Rival protests march in Hong Kong

Katy Wong
Police officers armed with riots gear stand outside Mong Kok police station during pro-democracy protesters march in Hong Kong on Saturday - AP

Pro-democracy protesters marched on one side of Hong Kong's famous harbor on Saturday to demand the government heed their demands. Across the water, a pro-government rally called for an end to the often violent protests.

The dueling demonstrations highlighted the political divide in the semi-autonomous Chinese territory, which for 10 weeks has been rocked by protests that show no signs of relenting.

"The government right now doesn't listen to the people, and the police are too violent," said Bobby Tse, a 76-year-old retiree who watched the pro-democracy march from a bridge. "It didn't used to be like this. We didn't have to protest every week. But now even though we have protests every week, the government still gives no response."

At the pro-government rally, speakers on stage said they love both Hong Kong and China and asked the protesters why they are afraid of China. Supporters gave a thumbs-up to police officers and posed for photos with them. Leo Chen, a 47-year-old driver, said he came out because he wants peace in his city of 7.4 million people.

"Before, everyone in Hong Kong helped each other, it was very harmonious," he said. "Now to see it become like this, I'm not happy, so I've come out to show a little strength."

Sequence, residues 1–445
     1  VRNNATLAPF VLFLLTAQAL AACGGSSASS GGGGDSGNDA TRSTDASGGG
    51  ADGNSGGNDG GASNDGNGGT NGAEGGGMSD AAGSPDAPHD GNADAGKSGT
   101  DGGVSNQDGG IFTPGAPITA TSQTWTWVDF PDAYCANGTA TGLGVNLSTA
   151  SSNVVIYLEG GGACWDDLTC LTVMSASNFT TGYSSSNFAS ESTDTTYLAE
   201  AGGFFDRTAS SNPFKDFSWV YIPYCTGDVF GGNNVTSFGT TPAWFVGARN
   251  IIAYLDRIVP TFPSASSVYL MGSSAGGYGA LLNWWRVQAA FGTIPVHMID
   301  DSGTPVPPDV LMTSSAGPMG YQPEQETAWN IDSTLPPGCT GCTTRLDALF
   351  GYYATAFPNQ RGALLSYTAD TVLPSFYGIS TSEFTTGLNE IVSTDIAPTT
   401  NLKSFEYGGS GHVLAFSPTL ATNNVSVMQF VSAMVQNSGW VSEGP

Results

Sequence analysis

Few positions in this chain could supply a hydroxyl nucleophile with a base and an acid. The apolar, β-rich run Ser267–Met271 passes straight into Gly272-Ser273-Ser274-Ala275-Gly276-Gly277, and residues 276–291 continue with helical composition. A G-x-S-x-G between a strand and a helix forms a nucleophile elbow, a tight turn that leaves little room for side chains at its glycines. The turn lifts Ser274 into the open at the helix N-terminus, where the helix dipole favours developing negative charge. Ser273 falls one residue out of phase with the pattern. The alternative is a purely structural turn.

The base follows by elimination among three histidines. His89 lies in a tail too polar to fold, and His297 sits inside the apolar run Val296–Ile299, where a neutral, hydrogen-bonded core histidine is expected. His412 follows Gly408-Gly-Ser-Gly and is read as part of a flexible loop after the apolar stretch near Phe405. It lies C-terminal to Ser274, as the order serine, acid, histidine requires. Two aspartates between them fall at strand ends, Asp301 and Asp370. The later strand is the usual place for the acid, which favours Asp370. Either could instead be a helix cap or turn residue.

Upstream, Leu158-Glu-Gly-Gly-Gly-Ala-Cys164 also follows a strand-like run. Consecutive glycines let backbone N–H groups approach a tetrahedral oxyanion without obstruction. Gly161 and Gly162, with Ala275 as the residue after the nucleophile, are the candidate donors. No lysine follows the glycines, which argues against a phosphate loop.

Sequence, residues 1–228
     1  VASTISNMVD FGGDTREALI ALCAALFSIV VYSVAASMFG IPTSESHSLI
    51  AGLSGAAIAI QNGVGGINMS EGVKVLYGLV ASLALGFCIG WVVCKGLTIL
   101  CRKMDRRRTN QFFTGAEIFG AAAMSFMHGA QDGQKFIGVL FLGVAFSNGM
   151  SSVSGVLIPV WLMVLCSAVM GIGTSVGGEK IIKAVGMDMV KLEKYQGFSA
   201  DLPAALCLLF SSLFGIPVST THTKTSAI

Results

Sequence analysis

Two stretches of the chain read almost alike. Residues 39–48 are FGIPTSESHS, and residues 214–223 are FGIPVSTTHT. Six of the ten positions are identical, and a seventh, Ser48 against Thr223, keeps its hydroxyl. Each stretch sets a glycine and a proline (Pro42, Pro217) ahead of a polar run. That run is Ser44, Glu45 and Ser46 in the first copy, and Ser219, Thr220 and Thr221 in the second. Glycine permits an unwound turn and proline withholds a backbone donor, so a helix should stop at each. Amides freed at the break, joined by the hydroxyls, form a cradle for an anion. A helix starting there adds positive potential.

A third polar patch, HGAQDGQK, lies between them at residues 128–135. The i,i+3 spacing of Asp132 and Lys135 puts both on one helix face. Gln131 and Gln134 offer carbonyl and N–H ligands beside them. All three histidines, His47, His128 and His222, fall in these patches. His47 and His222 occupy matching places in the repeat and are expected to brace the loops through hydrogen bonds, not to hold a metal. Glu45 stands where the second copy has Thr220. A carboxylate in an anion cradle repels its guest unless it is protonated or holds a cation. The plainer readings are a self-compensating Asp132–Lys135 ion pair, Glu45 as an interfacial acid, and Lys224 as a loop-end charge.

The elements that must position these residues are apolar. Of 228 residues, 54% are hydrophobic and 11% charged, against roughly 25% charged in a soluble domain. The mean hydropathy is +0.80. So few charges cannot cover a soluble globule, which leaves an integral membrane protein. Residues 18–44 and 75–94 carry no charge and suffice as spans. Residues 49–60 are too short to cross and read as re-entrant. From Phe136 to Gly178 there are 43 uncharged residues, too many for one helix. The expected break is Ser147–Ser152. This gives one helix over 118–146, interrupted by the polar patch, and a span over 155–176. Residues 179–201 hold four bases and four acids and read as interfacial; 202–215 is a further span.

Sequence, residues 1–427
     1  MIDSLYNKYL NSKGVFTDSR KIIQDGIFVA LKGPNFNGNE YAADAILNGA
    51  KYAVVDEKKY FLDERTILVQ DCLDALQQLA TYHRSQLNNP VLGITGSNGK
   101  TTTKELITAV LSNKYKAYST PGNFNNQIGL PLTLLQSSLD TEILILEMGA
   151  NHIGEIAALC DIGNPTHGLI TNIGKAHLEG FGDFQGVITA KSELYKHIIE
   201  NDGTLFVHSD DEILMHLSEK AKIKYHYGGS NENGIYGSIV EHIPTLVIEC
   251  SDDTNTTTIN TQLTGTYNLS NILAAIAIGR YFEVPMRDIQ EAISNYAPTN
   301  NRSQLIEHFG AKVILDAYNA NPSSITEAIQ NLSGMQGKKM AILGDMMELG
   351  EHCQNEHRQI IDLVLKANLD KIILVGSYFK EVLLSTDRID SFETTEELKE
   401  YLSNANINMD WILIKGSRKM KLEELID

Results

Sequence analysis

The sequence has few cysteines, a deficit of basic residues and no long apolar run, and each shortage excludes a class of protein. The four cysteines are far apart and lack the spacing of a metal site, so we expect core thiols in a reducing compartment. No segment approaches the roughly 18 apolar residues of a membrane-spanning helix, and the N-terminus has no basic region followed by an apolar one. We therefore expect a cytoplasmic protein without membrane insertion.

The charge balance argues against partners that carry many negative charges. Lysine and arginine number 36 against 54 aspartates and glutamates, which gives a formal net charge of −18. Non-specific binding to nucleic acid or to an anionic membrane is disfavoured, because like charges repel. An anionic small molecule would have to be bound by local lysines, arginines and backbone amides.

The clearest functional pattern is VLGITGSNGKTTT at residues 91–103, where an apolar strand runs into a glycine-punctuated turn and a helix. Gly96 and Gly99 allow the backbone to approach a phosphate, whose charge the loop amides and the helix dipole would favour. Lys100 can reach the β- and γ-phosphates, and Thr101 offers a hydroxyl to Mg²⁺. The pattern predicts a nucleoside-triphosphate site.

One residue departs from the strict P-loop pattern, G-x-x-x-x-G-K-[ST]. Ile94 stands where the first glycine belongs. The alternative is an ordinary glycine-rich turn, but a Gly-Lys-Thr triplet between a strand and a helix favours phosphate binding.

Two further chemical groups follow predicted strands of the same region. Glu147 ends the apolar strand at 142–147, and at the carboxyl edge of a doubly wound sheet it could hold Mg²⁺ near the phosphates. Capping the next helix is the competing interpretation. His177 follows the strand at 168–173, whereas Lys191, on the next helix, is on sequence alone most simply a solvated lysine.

Pro-Beijing supporters hold national flag during a pro-government rally at Tamar Park on Saturday Credit: Billy H.C. Kwok/Getty Images AsiaPac

Earlier Saturday, thousands of schoolteachers marched to the official residence of Hong Kong's leader, Carrie Lam, to show support for the protesters, who have taken to the streets since early June and include many students.

Carrying signs that read "Protect the next generation" and umbrellas to ward off intermittent downpours, the teachers tied white ribbons to a metal fence near Government House. They said the government should answer the protesters' demands and stop using what they called police violence to disperse demonstrators who have taken over the streets and besieged and defaced government buildings.

"We want to protect our students, our youngsters, so teachers are willing to come out and speak for the youngsters, and also, to stand by them so they are not alone," said Fung Wai-wah, president of the Hong Kong Professional Teachers' Union, which organized the march.

The movement's demands include Lam's resignation, democratic elections and an independent investigation into police use of force. A rally in Victoria Park has been called for Sunday by a pro-democracy group that has organized three massive marches through central Hong Kong since June.

"Even though we're all scared of getting arrested, we have to keep going," said Minnie Lee, a 31-year-old logistics worker who joined the pro-democracy march. "What we are fighting for is democracy and our rights. We're not doing anything wrong. If we stop now, things will only get worse."

Tensions rose briefly after the march, with riot police deployed to chase down a group of pro-democracy protesters they said were assembling illegally outside their station, shining laser pointers and throwing eggs.